To fly or not to fly?that is the question

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IT’S summer and that can mean only one thing for tourists – strikes! French air traffic controllers just staged one (later calling it off) only to be joined by the Belgians. Why? To protest against budget cuts due to a Europe-wide reform of the air traffic control system.

The Association of European Airlines strongly condemned “this unjustified industrial action which holds the entire industry to ransom during one of the busiest passenger traffic weeks of the year.” French air traffic controllers had warned of “a heavy disruption of flights” during their strike.

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Some 17.1 million UK citizens travel to France each year, mostly during the peak summer months. However, as a large proportion of UK flights cross French airspace, British airlines travelling to Spain are also badly affected by knock-on delays.

Strikes like these are turning what used to be regarded as a not altogether unpleasant experience into something of a nightmare. Flying used to be fun, but I’m talking about the ’80s and even earlier. Since that time, flying’s become increasingly painful as the seat cushions in cattle class have become thinner like some absurd time lapse torture. So thinner seat cushions, less leg room and skimpy food service plus lengthy waits on the tarmac have all eroded what used to be a reasonably convenient and pleasant form of travel.

You now have to arrive at the airport two hours before your flight, stand in line to check your bag, submit to inspection of yourself and your hand luggage and be subjected to one of the most wretchedly uncomfortable places in the world: an airport terminal.


Of course, if you have to change planes at one of the major hubs, you’d better hope your flight is on time and you have the energy to traverse the sprawling wasteland of said hub.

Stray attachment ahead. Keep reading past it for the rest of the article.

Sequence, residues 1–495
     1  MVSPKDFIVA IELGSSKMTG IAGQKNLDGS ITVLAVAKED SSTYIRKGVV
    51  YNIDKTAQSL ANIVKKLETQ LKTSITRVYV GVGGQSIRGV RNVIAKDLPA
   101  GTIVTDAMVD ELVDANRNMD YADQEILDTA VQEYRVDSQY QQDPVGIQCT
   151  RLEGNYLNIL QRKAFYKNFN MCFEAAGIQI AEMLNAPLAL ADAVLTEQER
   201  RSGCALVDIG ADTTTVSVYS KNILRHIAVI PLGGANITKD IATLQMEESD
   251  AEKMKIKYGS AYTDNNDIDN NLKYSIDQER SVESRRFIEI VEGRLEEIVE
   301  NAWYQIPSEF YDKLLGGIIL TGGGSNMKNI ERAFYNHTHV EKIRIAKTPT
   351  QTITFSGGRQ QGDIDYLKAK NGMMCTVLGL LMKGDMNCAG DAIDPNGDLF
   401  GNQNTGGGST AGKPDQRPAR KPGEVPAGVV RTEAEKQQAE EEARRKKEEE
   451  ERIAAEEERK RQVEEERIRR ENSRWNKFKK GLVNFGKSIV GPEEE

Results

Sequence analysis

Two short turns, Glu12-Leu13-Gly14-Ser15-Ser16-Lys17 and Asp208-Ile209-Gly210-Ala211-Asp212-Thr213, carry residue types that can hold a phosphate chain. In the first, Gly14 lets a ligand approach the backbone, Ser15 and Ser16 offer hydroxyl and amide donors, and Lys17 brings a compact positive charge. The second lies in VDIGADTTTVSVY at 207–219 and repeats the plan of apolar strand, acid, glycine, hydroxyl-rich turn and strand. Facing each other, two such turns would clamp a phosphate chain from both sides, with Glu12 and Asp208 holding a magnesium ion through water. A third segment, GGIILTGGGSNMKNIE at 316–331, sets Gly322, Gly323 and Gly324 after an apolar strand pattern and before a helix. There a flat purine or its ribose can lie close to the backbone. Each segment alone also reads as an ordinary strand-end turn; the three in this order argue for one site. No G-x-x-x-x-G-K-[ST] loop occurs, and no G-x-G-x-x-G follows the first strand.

And don’t get me started on the squalling babies, screaming kids, harassed parents, sick co-passengers, and the seatmate who won’t share the armrest and glares at anyone who dares to – the way Tony Soprano might, if told they’d placed their hand on his wife’s thigh at Mass.


This won’t be the last we’ve heard of strikes. Far from it. Looks as if air traffic controllers are digging their err, chocks in for the, err, long haul…

 

Nora Johnson’s thrillers ‘Retribution’, ‘Soul Stealer’, ‘The De Clerambault Code’  (www.nora-johnson.com) available from Amazon in paperback /eBook (€0.89; £0.77) and iBookstore. Profits to Cudeca.




1 COMMENT

  1. Strikes are to the French what cricket is to the English: summer sport. The French see strikes as their way of proclaiming their ‘patrimony’, their allegiance, to their country. They see hordes of foreigners floating on high over their country. It’s theirs and not for foreigners. They are aware of their reputation as a nation of xenophobes and the most disliked nation in Europe but they will do nothing to change it. They revel in it.
    A country with one foot firmly fixed in the 19th century and the other only very tentatively touching the 20th century is always going to be intensely jealous of anyway flying over their airspace en route to enjoy themselves. They cannot help it. It’s in their genes.

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